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Forum topic by bilyo posted 01-29-2020 01:29 AM 284 views 0 times favorited 5 replies Add to Favorites Watch
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bilyo

1000 posts in 1745 days


01-29-2020 01:29 AM

I’ve recently had positive experience buying good spray guns for low capacity compressors. I thought my experience might be helpful to others using small compressors who want to do some spraying.

I don’t do a lot of spraying but, when I do, I want to do a good job. Also, my compressor only puts out 6.4 cfm @ 40 psi according to the specs. I know that you can use spray guns that require more cfms than your compressor can put out but, you have to stop and let the compressor catch up from time to time. I wanted to avoid that as much as possible. Also, I did not want to spend hundreds of dollars for something that I would use only a few times per year. As you can imagine, I was pretty frustrated trying to meet those requirements. Until I learned about LVLP (low volume low pressure – as opposed to HVLP).

With a web search, I found some expensive ones and some cheap ones. Not so many in the middle where I wanted to be. One of my other requirements was to have the fluid cup mounted on the side rather than bottom or top. I won’t get into that further unless someone asks. One of the first ones I found was the Sprayit 352 that is sold by Homedepot, California Air Tools, and others. At first, I dismissed it as just too cheap @ $15. However, as my search for one I was willing to pay for was not going well, I decided to go for it. At that price there was not much to lose and Home Depot would probably take it back.

As it turns out, the Sprayit 352 fit my needs perfectly. It’s specs say that it requires only 4 cfm @ 40 psi. This is low enough for many compressors smaller than mine to run. There is a Youtube video showing someone running one of the other Sprayit models on an HVLP turbine. And it sprays beautifully. I used it to spray some water based poly on a top. After 3 coats, the finish was as smooth as glass. This with a 1.5 mm tip and the poly was straight from the can without thinning. Pressure was about 20 psi and overspray was very very low.

After I got the gun, I noticed that it has a big W-71 embossed on the side. Doing a web search for “W-71” if found many sources for the same gun at a variety of prices from $15 and up. This included the Iwata W-71 for over $200. Same gun. So, it appears that the Sprayit and other look-a-likes are Iwata knock-offs. In fact, I found a source for W-71 parts and ordered a 2.0 mm needle, nozzle, cap, and packing. I ordered it from China for $14 with shipping. Got it in 3 weeks and it works perfectly. It sprayed some old latex I had on the shelf beautifully.

The only fault a found was in trying to remove the nozzle for initial cleaning. I had to remove all the soft parts like the needle packing and air valves and heat the nose of the aluminum casting with an electric heat gun while applying wrench pressure on the nozzle. It finally came loose. It must have been “glued” in with some sort of sealant.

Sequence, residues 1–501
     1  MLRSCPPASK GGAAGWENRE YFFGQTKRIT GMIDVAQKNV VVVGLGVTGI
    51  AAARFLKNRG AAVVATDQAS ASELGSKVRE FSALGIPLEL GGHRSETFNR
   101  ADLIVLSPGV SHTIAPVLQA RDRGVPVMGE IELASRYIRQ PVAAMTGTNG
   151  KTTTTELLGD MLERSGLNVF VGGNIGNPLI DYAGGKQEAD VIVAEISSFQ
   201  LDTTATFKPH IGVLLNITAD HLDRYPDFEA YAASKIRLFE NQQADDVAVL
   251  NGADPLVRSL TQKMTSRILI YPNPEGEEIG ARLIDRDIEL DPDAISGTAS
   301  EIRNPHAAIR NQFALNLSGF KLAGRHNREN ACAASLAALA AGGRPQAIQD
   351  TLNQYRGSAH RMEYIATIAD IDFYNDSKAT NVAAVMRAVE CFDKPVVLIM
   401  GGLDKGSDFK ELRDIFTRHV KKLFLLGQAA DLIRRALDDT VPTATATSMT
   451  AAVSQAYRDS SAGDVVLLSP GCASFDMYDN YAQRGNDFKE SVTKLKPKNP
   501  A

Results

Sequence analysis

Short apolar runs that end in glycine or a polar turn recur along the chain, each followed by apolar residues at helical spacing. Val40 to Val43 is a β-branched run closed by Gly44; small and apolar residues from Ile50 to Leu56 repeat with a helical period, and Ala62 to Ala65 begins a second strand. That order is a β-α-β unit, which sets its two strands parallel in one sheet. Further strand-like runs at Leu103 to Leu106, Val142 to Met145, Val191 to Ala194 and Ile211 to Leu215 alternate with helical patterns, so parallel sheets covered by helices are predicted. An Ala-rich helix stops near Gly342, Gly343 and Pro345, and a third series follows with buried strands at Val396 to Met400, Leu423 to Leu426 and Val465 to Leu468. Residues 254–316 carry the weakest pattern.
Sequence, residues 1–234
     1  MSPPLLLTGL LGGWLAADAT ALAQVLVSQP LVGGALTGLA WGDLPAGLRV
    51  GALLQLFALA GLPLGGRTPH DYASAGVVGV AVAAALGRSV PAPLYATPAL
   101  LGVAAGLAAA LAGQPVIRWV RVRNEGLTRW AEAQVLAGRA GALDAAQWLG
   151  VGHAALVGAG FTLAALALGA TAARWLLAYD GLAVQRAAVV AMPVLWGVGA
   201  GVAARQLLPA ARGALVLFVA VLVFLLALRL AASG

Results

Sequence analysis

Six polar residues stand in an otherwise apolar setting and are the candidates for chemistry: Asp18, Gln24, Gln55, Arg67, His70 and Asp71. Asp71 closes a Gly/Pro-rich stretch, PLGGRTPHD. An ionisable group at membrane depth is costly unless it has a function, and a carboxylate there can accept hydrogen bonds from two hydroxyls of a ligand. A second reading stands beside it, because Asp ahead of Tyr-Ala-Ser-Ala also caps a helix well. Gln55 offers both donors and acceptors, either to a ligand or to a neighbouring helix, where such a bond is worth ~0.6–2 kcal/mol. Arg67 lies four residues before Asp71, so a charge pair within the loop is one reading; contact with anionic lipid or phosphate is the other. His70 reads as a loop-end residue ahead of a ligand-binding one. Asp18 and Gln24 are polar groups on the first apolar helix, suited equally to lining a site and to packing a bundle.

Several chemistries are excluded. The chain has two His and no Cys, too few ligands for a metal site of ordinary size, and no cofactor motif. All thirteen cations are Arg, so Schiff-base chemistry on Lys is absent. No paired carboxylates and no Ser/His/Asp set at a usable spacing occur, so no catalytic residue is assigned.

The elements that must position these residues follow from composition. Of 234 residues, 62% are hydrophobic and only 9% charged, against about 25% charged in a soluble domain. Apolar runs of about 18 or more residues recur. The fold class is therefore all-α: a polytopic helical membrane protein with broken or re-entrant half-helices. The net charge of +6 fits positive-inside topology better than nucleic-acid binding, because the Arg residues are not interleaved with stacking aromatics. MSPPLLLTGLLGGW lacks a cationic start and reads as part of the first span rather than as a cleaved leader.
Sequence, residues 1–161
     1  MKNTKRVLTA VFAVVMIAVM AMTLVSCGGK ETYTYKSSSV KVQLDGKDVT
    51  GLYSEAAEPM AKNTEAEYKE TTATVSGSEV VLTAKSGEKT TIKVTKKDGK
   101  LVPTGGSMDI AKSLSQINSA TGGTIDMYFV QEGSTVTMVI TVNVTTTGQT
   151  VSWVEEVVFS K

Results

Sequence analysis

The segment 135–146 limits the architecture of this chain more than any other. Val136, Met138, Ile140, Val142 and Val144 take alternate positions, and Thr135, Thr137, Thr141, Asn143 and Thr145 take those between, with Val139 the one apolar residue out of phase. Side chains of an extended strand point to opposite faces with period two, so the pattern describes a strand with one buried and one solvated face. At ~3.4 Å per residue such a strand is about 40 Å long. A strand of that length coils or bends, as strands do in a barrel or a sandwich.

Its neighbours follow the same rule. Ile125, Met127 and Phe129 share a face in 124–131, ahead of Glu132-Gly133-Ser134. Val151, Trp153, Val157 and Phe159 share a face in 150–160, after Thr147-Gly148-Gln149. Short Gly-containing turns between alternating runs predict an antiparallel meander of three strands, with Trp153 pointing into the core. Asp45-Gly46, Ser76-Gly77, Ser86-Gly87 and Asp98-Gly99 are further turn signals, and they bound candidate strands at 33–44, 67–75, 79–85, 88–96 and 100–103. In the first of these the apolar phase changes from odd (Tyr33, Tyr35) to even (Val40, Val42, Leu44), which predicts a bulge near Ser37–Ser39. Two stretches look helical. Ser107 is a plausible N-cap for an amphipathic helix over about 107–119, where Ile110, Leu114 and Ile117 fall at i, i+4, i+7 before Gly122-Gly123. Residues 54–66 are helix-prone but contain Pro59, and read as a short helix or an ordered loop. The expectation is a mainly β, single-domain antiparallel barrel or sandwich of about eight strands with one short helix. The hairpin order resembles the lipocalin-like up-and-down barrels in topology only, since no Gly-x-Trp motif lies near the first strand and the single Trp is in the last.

I’m new to spraying and not an expert. I have no experience with high quality guns and can only make judgements based on what I see. Fit and finish on this cheap gun seems to be real good. I see aluminum castings that are smooth and well done. Working parts are brass and stainless and are well machined. So, for those with small compressors, I recommend this model, either the Iwata branded one or the knock-off. Iwata also makes a new version, W-101, and there are also knock-offs of it. But, be careful, it is produced in different configurations, some of which require higher cfms.


5 replies so far

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Madmark2

854 posts in 1231 days


#1 posted 01-29-2020 02:35 AM

You shouldn’t need to take it that far apart to clean it. Just run a couple of fluid cups of water or the appropriate solvent for what you’re spraying thru. While spraying put your finger on the tip. The air will backflow into the fluid cup (be sure to keep the cap on) agitating the fluid and back flushing the nozzle.

-- The hump with the stump and the pump!

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bilyo

1000 posts in 1745 days


#2 posted 01-29-2020 04:27 AM

Thanks. The initial cleaning I mentioned was mainly for making sure all of the manufacturing junk was out of it. If you have read any reports on the HF gun, for instance, you will see recommendations on initial clean. And they are correct, I had one that was loaded with crud. Having said that, when I know that I’m putting it away for a while, I take it apart and clean it thoroughly.

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moke

1502 posts in 3419 days


#3 posted 01-29-2020 06:13 PM

You might want to write a Review and include a couple of photos…..folks look there for recommendations.

-- Mike

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bilyo

1000 posts in 1745 days


#4 posted 01-30-2020 12:06 AM

Thanks Moke. I can certainly do that. What photos would you find useful? I’m not sure a photo of the gun or a glossy panel I sprayed with it would be very informative.

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moke

1502 posts in 3419 days


#5 posted 01-31-2020 06:10 PM

Maybe just of the gun as a whole and any other close up of features that are outstanding. It would show people the product to look for, not sure the sprayed panel would show what you want….too small.
I look forward to reading it!!!

-- Mike

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